Wertheim Aymes Interpretation

The focus for Wertheim Aymes interpretation of Bosch can be found in his Hieronymus Bosch, eine Einfuehrung in seine geheime Symbolik, Berlin and Amsterdam 1957.
"The present work makes use of the results of anthroposophical spiritual science because, at the present time, the concepts developed by Rudolf Steiner offer the only possible ideas for an appropriate modern interpretation of the subject-matter - the wisdom of the Rosicrucians, as presented by Hieronymus Bosch."
Two decades later Clement A. Wertheim Aymes' The Pictorial Language of Hieronymus Bosch, was published. In the light of his earlier remark we might be tempted not to bother reading this book, but, giving the author a little rope we press on. Perhaps in the intervening period he might have abandoned his rather flimsy thesis and found something more solid. But in his Introduction we are faced with great disappointment. He says there,
"Bosch's great works cannot be regarded merely as ordinary paintings…. It will be shown that these paintings can be 'read'. They are then found to contain the teachings of a world philosophy which stems from the Rosicrucians, who developed a new cultural impulse for Europe and the West from about the middle of the fifteenth century."
Is "fifteenth century" a misprint, a typo of the editor ? Sadly no! Wertheim Aymes, being a follower of the clairvoyant Steiner, believes this early date. The reality is that the first mention of Rosicrucians is in a manuscript of 1611, a century after Bosch's death. He emphasises the point.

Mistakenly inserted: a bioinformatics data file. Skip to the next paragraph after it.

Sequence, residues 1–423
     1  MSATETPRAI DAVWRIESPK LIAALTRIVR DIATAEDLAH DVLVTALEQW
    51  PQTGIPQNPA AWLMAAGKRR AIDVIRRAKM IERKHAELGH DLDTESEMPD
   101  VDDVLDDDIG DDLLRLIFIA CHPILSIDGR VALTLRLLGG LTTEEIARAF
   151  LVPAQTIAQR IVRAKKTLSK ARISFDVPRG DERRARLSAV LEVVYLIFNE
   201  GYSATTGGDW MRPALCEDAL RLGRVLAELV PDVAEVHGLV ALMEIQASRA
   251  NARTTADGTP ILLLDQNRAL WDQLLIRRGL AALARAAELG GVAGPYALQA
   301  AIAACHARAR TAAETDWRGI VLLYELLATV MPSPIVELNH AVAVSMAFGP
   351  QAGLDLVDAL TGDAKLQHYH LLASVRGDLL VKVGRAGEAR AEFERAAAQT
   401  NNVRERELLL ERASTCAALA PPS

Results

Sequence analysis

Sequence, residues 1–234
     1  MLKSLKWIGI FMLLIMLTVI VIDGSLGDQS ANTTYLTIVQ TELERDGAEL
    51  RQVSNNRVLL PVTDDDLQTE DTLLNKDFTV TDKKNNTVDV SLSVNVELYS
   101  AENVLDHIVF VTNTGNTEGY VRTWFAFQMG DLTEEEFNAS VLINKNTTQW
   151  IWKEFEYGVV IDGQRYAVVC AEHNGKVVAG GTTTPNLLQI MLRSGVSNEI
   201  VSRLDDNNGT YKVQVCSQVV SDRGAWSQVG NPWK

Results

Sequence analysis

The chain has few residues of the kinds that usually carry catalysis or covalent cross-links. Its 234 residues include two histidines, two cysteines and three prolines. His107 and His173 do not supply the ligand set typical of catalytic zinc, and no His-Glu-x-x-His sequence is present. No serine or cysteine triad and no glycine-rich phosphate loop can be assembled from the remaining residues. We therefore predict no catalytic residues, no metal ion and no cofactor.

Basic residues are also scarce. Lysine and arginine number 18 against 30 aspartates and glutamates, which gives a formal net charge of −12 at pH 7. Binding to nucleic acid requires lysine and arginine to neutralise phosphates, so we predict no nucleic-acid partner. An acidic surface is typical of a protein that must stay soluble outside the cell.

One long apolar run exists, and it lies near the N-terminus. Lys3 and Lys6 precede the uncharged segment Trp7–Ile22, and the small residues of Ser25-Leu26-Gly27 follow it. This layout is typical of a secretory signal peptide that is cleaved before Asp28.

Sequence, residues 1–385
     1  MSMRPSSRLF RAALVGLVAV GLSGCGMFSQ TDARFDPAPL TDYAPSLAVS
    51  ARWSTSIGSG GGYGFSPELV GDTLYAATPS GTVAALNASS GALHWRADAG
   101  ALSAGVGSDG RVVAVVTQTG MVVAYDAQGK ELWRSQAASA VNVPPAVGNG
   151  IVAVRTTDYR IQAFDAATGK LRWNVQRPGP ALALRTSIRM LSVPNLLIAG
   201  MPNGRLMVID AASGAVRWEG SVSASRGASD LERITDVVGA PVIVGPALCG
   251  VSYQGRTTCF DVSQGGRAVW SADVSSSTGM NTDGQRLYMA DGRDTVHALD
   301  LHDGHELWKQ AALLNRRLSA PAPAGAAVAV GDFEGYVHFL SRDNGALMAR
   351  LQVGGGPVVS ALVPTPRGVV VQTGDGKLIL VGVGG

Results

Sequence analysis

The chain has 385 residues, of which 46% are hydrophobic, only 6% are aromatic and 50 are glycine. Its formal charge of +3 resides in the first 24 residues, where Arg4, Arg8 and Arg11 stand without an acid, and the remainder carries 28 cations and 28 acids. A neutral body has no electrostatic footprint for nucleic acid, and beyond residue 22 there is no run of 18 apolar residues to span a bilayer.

"It has been shown with reasonable certainty by other scholars that Bosch was a Rosicrucian."
Really ! That stretches the dictionary meaning of "reasonable certainty" beyond the point where pigs can readily become airborne.
"Bosch, the painter, was also a member of the illustrious Brotherhood of Our Lady, and belonged to the inner circle, where Rosicrucian ideas were familiar to the members."
Really ! And I thought the Brotherhood of Our Lady was a conventional Catholic Confraternity, as recorded in its documents and accounts, but instead am now being asked to see these straight laced catholics as indulging in heretical Rosicrucian ideas.
"We find in The Chymical Wedding of Christian Rosenkreutz A.D. 1459, and the Fama Fraternitatis that, literally ' I.A. brought in a skiller painter 'B'. This painter 'B', could easily be Hieronymus Bosch."
Really! Could this easily be so? But isn't the Chymical Wedding of Christian Rosenkreutz an allegorical novel published in 1616, and the Fama Fraternitatis a contrivance written a few years before it was published in 1614?

Wertheim Aymes interpretation of Bosch as a Rosicrucian, completely founders on his reading early 17th century allegorical fictions as true accounts from the 15th century. He blindly follows the clairvoyant nonsense of Steiner whose idea of history was deeply flawed by his wanting it to correspond to his contrived metaphysical ideas. To be charitable to Wertheim Aymes, he was writing in the period 1950-70 when there was not a mass of solid historical research on the Rosicrucian phenomenon available. Now some fifty years on, with the historical background to the Rosicrucian mythos intensively explored by scholars and traced back to its source manuscript and printed books and pamphlets, Wertheim Aymes suppositions cannot be sustained, and once again our porcine friends happily find themselves firmly set on their four feet again.

It is pointless reading this book as it is based on misunderstandings and false history.